Tagiades japetus, commonly known as the pied flat or the common snow flat, is a species of spread-winged skipper butterfly belonging to the family Hesperiidae. It is widely distributed, being found from India, the Himalayas, Southeast Asia, to Australia. It contains twenty-four recognized subspecies.
"Male. Upperside fuliginous-brown. Forewlng with three minute subapical white dots, one of them, sometimes two of them, often absent; a minute dot at the end of the cell, another near the base of the second median interspace, and a third below it, in the middle of the first median interspace, sometimes one, sometimes two of them only present, sometimes all are wanting. Hindwing with indications of a curved discal series of spots darker than the ground colour, often altogether invisible. Cilia of both wings brown. Underside. Forewlng paler than it is above, the hinder marginal area and a broad squarish patch at the hinder angle paler than the rest of the wing, the minute dots as above. Hindwing greyish-white, the costal and outer marginal areas somewhat suffused with brown; a curved series of dark brown discal spots, the lower ones usually mere dots, often invisible. Female. Upperside coloured like the male, but the shade of colour more variable in different examples in this sex than it is in the male, the sub-apical dots often larger (not always) and generally three in number; the spots in the disc much larger, the one at the end of the cell round, the outer spot near the base of the second median interspace usually conical, the one below it the largest and quadrate and two small spots lietween it and the hinder margin. Hindwing with an obscure blackish spot at the end of the cell and a discal series, all of them very indistinct in many examples. Underside. Forewing somewhat paler than the upperside, markings similar. Hindwing usually much darker grey, sometimes blue-grey, a small hlack dot at the end of the cell, in some examples a complete discal irregular series of black spots, but very variable in its prominence, and in many examples no better indicated than it is in the male; head and body above concolorous with the wings; palpi and body below concolorous with the hindwing." - Charles Swinhoe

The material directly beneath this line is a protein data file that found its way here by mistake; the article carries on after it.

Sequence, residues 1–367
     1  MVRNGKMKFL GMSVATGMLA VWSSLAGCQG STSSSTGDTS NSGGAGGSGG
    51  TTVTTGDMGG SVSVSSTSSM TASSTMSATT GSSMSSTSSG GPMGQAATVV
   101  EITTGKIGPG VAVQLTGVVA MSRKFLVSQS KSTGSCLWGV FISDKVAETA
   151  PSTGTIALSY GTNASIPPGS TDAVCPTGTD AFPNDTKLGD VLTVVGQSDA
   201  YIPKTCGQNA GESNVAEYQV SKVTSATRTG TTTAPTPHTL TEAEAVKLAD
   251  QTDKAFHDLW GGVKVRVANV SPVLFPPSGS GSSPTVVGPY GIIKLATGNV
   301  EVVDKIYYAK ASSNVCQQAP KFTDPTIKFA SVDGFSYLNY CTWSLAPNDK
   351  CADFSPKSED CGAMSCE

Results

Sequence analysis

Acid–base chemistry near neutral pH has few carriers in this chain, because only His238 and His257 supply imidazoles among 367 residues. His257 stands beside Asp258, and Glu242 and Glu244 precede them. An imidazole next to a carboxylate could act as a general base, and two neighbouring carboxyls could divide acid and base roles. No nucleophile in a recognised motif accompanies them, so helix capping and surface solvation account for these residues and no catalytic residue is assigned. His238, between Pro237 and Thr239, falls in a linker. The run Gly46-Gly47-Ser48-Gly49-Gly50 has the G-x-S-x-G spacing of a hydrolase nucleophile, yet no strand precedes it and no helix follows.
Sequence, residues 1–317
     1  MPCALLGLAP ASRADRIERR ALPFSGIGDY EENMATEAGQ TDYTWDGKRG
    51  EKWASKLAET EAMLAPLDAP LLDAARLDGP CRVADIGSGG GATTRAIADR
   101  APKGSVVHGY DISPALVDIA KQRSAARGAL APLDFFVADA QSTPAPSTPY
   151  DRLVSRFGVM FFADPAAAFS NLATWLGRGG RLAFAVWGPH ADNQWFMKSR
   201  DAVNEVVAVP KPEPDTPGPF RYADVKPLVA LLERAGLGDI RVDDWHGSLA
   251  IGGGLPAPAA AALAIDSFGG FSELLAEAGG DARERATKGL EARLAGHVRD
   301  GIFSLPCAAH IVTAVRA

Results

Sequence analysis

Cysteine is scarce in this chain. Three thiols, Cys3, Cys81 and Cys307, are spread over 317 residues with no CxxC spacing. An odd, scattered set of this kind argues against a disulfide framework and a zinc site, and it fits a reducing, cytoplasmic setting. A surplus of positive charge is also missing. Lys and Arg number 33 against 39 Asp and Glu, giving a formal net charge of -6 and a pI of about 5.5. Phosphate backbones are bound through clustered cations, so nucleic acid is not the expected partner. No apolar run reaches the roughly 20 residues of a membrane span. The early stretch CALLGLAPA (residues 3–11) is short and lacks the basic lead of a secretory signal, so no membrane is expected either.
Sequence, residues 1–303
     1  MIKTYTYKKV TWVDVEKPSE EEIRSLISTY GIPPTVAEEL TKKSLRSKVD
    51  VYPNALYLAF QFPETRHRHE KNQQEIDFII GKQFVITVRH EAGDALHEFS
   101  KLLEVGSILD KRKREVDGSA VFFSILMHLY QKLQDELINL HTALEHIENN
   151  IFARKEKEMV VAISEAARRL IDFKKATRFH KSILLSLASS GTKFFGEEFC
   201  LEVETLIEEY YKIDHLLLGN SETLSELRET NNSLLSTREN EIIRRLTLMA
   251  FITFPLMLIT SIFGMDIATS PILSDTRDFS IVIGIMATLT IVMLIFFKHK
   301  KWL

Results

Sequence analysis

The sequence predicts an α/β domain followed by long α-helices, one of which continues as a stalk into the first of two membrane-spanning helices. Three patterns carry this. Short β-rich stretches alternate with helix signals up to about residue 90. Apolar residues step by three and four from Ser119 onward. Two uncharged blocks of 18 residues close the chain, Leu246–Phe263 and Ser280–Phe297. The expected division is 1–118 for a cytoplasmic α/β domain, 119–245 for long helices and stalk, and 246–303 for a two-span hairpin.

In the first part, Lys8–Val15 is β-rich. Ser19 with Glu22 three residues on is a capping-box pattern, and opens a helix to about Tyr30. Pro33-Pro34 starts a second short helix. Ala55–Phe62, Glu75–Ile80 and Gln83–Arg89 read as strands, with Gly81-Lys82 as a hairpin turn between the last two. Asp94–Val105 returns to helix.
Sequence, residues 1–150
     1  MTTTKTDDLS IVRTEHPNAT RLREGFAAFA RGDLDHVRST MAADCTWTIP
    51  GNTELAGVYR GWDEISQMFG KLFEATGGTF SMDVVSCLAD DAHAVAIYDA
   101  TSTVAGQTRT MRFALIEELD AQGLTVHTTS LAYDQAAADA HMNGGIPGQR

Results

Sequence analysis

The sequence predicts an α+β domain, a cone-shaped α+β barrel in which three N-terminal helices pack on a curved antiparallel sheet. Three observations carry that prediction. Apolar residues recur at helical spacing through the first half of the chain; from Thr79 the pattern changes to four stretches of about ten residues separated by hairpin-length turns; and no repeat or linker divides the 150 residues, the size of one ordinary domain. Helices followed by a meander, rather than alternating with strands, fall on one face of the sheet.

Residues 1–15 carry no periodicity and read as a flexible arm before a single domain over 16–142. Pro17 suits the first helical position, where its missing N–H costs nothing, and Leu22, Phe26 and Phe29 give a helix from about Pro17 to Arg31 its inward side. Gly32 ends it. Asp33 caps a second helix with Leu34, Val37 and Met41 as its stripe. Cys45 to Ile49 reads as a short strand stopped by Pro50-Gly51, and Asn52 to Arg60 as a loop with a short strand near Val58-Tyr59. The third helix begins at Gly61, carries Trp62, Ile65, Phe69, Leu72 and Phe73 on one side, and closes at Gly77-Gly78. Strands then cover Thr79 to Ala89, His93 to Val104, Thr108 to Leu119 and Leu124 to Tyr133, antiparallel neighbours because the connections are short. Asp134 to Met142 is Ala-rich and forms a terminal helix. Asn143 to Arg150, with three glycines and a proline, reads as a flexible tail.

Life cycle and ecology
The eggs are laid on the upper surface of young leaves. They hatch in about six days, whereupon they will construct a leaf shelter by cutting the edge of a leaf, folding a triangular piece back, and then attaching it with silk. During the day, they hide under this shelter and only emerge at night to feed. The larvae feed on leaves of vines belonging to the genus Dioscorea; including Dioscorea transversa, Dioscorea alata, and Dioscorea numularia. They may make other shelters as they grow larger. After about 23 days, they pupate inside their final shelter, emerging as adults after 10 days. The adults are quick flyers, maintaining a height relatively close to ground, generally under large trees, often resting under the leaves. They are usually encountered resting underneath leaf surfaces. They feed on nectar from flowers during the morning. Mating is not seasonal and adults emerge all throughout the year. However, the population is greatest during the wet season.
Distribution and habitat
Tagiades japetus have a wide range of occurrence. They are found from Sri Lanka and India to the Himalayas, and Indochina. They also occur throughout the Maritime Southeast Asia to the Philippines and down to Papua New Guinea and the surrounding islands, and northeastern Australia. They are commonly found in the edges of rainforests, vine thickets, and sometimes in cultivated lands.